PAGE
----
The physiological responses of simple and complex cells in the primary visual cortex (V1) have been studied extensively and modeled at different levels. At the functional level, the divisive normalization model (DNM; Heeger DJ. Vis Neurosci 9: 181-197, 1992) has accounted for a wide range of single-cell recordings in terms of a combination of linear filtering, nonlinear rectification, and divisive normalization. We propose standardizing the formulation of the DNM and implementing it in software that takes static grayscale images as inputs and produces firing rate responses as outputs. We also review a comprehensive suite of 30 empirical phenomena and report a series of simulation experiments that qualitatively replicate dozens of key experiments with a standard parameter set consistent with physiological measurements. This systematic approach identifies novel falsifiable predictions of the DNM. We show how the model simultaneously satisfies the conflicting desiderata of flexibility and falsifiability. Our key idea is that, while adjustable parameters are needed to accommodate the diversity across neurons, they must be fixed for a given individual neuron. This requirement introduces falsifiable constraints when this single neuron is probed with multiple stimuli. We also present mathematical analyses and simulation experiments that explicate some of these constraints.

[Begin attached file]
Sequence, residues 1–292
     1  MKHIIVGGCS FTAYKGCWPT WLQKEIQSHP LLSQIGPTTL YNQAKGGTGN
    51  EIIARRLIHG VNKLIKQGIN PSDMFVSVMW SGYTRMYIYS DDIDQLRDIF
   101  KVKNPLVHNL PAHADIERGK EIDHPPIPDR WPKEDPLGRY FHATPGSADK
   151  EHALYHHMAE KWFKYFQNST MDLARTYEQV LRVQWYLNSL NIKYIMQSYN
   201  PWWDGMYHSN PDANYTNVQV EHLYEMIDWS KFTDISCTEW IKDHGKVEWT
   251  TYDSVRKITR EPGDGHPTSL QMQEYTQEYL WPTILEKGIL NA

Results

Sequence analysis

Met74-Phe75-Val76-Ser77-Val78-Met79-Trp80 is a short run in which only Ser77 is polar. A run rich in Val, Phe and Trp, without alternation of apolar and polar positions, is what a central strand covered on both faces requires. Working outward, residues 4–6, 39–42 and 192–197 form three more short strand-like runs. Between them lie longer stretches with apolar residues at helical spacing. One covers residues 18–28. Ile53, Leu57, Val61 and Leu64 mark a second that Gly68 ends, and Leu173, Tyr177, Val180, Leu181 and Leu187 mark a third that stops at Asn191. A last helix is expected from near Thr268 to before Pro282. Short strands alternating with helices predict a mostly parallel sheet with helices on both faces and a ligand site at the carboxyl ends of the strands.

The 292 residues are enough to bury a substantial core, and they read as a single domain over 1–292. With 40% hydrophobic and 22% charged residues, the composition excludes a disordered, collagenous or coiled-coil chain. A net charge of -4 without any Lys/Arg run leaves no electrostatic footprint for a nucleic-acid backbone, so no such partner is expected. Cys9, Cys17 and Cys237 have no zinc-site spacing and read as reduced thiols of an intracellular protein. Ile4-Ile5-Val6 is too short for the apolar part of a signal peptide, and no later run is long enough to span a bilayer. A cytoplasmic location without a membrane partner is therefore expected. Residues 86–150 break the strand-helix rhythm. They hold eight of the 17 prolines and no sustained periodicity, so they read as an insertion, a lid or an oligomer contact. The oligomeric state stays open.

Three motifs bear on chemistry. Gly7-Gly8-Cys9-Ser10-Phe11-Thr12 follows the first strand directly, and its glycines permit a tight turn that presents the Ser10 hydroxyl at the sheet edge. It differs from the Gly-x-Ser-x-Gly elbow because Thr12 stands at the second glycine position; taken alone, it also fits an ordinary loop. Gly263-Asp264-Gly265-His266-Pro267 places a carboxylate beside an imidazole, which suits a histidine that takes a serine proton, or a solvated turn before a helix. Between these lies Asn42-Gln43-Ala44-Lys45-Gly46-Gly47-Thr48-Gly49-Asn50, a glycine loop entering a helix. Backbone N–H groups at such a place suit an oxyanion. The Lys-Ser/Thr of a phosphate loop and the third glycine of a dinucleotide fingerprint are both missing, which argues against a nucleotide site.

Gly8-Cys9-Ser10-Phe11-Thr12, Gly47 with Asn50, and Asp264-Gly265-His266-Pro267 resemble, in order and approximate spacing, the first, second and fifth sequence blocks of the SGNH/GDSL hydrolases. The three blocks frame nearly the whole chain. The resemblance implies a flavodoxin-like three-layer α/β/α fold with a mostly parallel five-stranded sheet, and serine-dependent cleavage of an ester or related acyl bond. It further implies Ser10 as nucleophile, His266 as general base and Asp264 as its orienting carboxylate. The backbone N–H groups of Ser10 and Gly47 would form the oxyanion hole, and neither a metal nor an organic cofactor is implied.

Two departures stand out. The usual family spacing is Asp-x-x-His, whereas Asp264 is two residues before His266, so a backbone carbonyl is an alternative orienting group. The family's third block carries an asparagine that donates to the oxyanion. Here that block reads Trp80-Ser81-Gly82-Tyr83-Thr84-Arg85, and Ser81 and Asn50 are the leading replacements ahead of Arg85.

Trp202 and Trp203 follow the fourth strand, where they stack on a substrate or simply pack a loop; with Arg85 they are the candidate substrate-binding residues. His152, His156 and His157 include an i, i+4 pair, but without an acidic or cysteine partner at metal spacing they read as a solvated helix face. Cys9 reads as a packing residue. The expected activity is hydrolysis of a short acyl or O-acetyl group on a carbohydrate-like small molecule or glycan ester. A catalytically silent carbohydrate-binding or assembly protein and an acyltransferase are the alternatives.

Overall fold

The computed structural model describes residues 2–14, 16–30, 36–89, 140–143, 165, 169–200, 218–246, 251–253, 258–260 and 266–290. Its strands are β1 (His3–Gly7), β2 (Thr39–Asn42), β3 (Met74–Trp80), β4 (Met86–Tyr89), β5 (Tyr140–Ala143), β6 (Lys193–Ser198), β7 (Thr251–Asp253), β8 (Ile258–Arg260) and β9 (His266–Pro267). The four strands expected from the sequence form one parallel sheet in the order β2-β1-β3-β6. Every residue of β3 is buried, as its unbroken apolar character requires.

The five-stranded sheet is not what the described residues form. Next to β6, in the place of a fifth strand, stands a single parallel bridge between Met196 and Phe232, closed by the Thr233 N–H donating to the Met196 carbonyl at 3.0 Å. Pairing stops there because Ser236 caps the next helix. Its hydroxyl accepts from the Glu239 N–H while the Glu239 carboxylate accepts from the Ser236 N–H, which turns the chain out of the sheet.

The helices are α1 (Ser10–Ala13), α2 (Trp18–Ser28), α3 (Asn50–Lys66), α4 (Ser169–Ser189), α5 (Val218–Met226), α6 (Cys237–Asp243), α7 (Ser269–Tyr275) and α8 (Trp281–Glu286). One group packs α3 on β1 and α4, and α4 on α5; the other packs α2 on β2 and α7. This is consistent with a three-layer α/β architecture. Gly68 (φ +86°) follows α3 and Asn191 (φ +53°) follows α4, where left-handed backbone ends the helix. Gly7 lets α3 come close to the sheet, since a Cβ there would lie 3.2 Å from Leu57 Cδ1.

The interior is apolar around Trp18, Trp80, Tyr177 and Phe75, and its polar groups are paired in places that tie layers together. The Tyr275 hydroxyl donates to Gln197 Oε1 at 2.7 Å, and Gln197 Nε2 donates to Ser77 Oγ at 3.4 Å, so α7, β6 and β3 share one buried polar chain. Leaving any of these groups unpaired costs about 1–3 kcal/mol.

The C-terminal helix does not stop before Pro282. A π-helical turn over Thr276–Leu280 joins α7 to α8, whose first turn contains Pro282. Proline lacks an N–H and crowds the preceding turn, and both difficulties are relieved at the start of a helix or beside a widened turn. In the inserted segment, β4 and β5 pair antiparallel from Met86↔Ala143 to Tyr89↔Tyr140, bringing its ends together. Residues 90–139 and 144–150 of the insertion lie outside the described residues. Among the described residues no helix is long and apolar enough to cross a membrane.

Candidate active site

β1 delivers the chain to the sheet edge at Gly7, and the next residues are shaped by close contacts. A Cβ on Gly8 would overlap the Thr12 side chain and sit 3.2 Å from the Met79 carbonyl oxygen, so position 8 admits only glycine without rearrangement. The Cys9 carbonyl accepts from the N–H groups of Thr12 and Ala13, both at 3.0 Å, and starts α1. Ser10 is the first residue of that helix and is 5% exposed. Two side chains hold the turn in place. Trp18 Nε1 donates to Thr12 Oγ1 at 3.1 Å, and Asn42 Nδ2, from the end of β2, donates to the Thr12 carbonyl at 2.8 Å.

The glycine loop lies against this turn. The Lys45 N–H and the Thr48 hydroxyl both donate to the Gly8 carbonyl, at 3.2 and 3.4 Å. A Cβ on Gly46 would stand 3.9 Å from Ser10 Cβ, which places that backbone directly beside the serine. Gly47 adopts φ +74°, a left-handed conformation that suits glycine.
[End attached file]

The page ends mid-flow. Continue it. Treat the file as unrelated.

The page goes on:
Keywords: complex cells; computational modeling; divisive normalization; primary visual cortex (V1); simple cells.
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